Good Enough

Pop

I read the daily Catholic bible readings to keep myself mindful of the bible. I’ve been reading the book since I was nine years old when it was thrown into my lap, “Here, boy! Figure it out!” After the age of ten my bible reading intensified when I made the mistake responding to my father with, “Well, Pastor said…” to support what I thought of the pastor’s sermon. My father bellowed as he pounded the table and the walls shook with each howling vowel, “Goddamn it, boy! God gave you a fuckin’ brain! You take that fuckin’ bible and read it for your goddamned self because no man in a suit with a title behind the pulpit is going to tell you how to fucking think!” To avoid another ear breaking rebuke, I read the bible—I read everything—to be ready to defend myself in a debate with my father. He never cared when I disagreed with him, but he did care if I read books, chewed on the ideas, and made my own conclusions. I am unable to recall how many times I have read the bible cover to cover between the ages of ten and twenty-two, but I know between twenty-two and now (forty-three), I have read the bible fourteen times, different translations,  and different versions such as NASB, KJV, NKJV, NIV, NRSV, NLT, ESV, and CEB. I also devoured church history, read the Church Fathers and Doctors, and Protestant theologians and thinkers. This list isn’t to impress anyone but to illustrate how much effort I put in to my intellectual survival at home. My father did not suffer fools kindly. Especially in his own home.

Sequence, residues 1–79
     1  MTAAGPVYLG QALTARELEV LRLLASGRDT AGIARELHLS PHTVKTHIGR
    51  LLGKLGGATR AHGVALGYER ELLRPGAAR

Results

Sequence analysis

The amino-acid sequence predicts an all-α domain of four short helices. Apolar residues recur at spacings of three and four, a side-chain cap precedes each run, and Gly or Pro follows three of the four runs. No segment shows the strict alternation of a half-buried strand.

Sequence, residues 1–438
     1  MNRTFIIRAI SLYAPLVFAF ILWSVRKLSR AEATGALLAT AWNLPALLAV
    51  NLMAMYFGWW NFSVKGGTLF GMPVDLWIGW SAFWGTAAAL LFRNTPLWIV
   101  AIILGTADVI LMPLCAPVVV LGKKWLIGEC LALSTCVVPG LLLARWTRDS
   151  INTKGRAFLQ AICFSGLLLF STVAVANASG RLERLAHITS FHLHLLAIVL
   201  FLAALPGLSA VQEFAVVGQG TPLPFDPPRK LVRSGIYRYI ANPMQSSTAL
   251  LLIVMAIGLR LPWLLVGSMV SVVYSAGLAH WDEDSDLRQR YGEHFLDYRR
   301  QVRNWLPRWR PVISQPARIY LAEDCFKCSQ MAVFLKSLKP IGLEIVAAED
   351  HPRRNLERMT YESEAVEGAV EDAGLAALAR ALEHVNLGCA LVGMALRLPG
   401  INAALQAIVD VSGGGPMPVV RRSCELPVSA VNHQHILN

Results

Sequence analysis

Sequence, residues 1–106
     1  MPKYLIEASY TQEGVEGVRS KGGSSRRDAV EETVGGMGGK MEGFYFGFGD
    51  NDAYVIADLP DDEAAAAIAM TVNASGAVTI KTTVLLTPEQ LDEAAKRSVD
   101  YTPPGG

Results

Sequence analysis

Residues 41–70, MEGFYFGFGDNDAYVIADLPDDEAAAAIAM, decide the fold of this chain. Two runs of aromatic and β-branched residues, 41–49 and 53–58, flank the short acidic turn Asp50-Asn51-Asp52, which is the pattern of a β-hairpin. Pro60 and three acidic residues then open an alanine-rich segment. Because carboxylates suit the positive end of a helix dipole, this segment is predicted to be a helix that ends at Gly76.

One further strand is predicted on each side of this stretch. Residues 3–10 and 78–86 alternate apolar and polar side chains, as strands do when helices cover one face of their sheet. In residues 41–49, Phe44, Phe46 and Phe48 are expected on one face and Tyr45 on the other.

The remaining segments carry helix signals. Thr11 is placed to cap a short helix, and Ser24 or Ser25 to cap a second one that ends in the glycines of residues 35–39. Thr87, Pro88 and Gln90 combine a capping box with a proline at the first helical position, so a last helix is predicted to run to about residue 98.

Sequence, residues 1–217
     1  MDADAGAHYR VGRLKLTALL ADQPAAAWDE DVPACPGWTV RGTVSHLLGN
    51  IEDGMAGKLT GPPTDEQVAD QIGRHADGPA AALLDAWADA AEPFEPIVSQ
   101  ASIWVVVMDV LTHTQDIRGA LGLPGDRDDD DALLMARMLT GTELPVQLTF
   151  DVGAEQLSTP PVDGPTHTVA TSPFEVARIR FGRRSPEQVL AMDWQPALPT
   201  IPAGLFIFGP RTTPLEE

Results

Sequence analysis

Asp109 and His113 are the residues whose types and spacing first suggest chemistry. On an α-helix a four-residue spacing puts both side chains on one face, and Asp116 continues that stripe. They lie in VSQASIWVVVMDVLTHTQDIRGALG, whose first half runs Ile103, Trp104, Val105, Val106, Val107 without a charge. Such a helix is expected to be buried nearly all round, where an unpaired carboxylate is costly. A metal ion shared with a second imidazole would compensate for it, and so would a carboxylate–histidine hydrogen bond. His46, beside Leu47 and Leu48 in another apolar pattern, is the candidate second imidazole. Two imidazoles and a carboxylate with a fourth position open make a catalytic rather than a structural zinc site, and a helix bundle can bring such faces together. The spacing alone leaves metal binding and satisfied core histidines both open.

Two of my father’s favorite verses were Acts 17:11,”These Jews were more receptive than those in Thessalonica for they welcomed the message very eagerly and examined the scriptures everyday to see whether these things were so (NRSV),” and 1 Peter 3:15, “[B]ut in your hearts sanctify Christ as Lord. Always be ready to make your defense to anyone who demands from you an accounting for the hope that is in you (NRSV).” For my father faith wasn’t an emotional longing resembling a child’s longing for a blanket—though, faith can have that beginning—but faith also had an intellectual component to the practice. Faith wasn’t to be accepted blindly and without question, but to be constantly challenged and critiqued. My father was never afraid where his questions and criticisms took him, but would approach his faith from a different perspective when life took him to unfamiliar territory. He faced the theological struggles with the racism of his hometown and his family, homosexuality within the church, and the goodness of God in light of his own cancer.